I am not the only one to have said this. But I am the only one to point out that Fuji went out on a limb and took what seemed at the time to be a considerable risk in launching the X100 in the first place. It was a camera which answered all my requests, despite people telling me at the time that no one would make a camera like it. Its success spawned a whole series of X cameras which are highly sought after and seem obvious in retrospect. As a result I think that this firmware update is in keeping with the ethos of a company which appears to be saying “we are serious about supporting photography and photographers”. It is the kind of action which will win them a lot of good will and loyalty, and if they continue to launch cameras like this, and the XE2 also launched today, they will swiftly cement a place as one of the serious photographers’ manufacturers of choice. These are proper tools made for photographers, not simply pieces of short-life consumer electronics.
Thank you Fuji, but to be honest, in the words of Renee Zellweger in Jerry Maguire, you had me at hello.
The great joy of being a photographer is the access to things and places you might not otherwise see. An associated pleasure comes from talking to people and listening to the little gems of information that they might pass on. I have to confess that I am not very good at listening – it is a skill I am constantly trying to improve, ever mindful of the old adage that we have two ears and one mouth, and we should use them in equal measure!
Anyway, for the past few months I have been engaged in a commission, a side-effect of which is that I have discovered some fascinating things (largely as a result of chance conversations with people I have happened across) about the area in which my studio is based, including some places which I have passed on many occasions without a second glance. Which leads me nicely to this image here.
We all know from our schooling that the first powered flight of a heavier than air vehicle took place at Kitty Hawk in North Carolina in December of 1903. Thanks to Orville and Wilbur Wright and their Flyer, aviation as we know it was born. Now consider this unremarkable cricket pitch at Baldwyn’s Park just outside Bexley in Greater London.
On July 31st, 1894, Hiram Maxim with a crew of three, piloted an aircraft of his own invention down a 1,800 foot test track sited where this cricket pitch now basks in the spring sun. The aircraft weighted about 8,000 lbs and was powered by two 360 horse power steam engines (yes, steam engines!). About half way down the track it took off and flew for a distance of about 100 feet before crashing back down to the ground again. It was only meant to be a test, and didn’t fly very high - some two or three feet up. But despite its instability it proved that very heavy machines could indeed get off the ground and stay up. All that was needed was to understand and develop the means of controlling such craft.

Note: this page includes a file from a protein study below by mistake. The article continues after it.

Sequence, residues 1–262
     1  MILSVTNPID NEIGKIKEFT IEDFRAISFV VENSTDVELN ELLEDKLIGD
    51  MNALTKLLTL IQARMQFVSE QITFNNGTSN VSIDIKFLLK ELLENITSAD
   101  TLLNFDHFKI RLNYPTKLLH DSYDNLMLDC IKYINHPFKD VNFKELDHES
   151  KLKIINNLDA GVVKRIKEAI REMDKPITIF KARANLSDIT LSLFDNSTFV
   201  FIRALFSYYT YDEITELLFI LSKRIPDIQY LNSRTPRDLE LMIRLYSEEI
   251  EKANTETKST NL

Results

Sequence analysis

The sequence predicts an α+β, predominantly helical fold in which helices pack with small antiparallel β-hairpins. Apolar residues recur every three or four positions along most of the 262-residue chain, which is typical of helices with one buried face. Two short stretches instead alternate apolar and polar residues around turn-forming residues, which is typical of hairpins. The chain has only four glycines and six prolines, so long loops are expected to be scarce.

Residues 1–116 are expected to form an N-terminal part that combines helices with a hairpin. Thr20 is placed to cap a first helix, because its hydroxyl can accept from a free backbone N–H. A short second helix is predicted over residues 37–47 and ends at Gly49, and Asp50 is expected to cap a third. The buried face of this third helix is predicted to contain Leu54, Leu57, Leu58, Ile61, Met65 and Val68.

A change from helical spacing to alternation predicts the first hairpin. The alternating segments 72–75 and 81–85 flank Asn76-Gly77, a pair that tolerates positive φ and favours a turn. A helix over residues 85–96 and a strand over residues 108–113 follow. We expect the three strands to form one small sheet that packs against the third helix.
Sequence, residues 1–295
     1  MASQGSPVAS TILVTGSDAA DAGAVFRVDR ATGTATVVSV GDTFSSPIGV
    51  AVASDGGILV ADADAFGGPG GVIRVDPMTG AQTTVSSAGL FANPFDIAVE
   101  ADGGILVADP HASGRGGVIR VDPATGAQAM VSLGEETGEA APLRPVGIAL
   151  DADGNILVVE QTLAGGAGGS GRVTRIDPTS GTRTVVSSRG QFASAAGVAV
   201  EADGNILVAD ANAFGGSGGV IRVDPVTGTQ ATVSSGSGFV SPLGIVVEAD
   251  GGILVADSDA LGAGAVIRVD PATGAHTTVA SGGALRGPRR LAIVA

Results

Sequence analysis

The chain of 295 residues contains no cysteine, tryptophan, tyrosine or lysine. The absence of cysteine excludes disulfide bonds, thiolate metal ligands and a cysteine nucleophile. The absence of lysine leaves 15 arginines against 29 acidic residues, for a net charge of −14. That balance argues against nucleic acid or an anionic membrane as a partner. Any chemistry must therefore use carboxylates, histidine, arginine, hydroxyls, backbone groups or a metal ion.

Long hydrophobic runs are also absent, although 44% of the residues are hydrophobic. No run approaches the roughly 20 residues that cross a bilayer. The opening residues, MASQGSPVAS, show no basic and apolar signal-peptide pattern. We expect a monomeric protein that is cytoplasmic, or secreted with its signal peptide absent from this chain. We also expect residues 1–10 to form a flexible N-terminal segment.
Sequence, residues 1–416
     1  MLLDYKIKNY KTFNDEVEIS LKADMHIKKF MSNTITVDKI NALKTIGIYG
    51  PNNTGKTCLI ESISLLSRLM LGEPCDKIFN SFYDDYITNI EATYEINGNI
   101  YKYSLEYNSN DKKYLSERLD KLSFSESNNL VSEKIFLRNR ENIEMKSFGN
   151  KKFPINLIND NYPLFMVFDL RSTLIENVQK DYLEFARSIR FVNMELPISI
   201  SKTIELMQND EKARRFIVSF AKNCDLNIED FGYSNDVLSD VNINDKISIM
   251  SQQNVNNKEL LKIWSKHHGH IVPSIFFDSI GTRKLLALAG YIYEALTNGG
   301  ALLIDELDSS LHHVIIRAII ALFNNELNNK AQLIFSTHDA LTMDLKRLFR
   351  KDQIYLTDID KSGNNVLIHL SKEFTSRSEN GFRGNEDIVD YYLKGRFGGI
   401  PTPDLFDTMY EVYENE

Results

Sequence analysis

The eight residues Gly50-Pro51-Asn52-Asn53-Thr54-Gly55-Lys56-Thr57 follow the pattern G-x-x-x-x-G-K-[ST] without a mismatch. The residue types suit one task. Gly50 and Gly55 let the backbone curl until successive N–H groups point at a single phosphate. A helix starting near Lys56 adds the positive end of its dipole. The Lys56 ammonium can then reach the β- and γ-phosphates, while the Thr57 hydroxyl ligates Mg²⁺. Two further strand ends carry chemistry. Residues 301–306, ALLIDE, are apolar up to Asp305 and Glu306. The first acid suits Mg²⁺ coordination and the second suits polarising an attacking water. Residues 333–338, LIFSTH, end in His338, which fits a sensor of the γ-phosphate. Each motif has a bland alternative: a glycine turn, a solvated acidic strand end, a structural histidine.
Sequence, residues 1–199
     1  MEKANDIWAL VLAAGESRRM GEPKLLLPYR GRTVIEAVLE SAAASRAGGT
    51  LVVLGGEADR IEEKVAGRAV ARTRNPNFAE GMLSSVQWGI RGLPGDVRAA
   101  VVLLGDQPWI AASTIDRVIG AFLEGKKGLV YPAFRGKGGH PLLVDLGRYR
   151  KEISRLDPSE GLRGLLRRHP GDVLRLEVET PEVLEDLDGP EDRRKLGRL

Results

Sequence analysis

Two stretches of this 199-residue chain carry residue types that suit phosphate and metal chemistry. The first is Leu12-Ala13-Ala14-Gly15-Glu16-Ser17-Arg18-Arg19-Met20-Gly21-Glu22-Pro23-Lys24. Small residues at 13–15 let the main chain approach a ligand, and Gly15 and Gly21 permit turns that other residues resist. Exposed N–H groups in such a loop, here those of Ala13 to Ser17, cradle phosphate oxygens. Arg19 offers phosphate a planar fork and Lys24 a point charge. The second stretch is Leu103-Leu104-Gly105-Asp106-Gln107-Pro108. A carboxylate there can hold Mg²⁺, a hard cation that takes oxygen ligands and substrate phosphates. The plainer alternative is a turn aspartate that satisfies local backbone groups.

Sadly Maxim did not really pursue his flying invention (although he did invent many other notable things, and is worthy of further investigation). Amercian born he became a naturalised British Subject in 1900, and was knighted by Queen Victoria in 1901. It is telling that he was asked towards the end of his life in 1916 about the lack of monument to his work at Baldwyns Park. His response was that the authorities had “demonstrated their appreciation by building the largest, finest and best-equipped lunatic asylum in the world there!”.
So the next time you’re boarding an aircraft somewhere in the world, think about this bit of green in South East London where a little bit of history was made nearly ten years before the Wright Brothers.
It’s taken a couple of weeks, but I have finally had a reply from the Executive Assistant to the MD of Samsung UK. It reads:
Dear Mr Cockerham,
Thank you for your email addressed to our Managing Director, which you forwarded on to me.
We have considered your communication and will not be commenting further.
Well, I’m glad that’s sorted out then. Clearly any pretence that Samsung might make towards being ethically driven and environmentally conscious can be seen to be just that: a pretence.
I have to be fair to Samsung, because contrary to what they might think I like to be balanced and objective. So in the interests of balance what are the possible reasons for them declining the invitation to comment?
Firstly they might think I am not serious and therefore they wish to call my bluff. I’d porbably do the same. In the meantime they will be drawing up a formal response just in case the story/question actually does make it to the mainstream media. In effect, this is the keeping your powder dry approach, and by asking the question they are now forewarned. I hope this is the case.
Second option is that they hadn’t thought of this problem of perception, they are crapping themselves that the story will break as they have no proper response and know that they will come in for a storm of damaging criticism to which they have no real reply.
Third option: they are a huge company making products that well-off people and companies buy, and they don’t really care.
My own feeling is that if there is a good reason for this practice they should have just come clean with it now, as that will be less damaging in the long term, but I suspect that it is driven by nothing more than greed.
I wonder what else is not quite what they would like it to appear?
There was an advert about ten years ago for Mercedes cars which stuck in my mind and has remain firmly wedged ever since. From memory it pictured a man standing between a brand new Mercedes and a much older one. The legend on the ad was something like, “I would like a new Mercedes, but I haven’t finished with the old one yet.”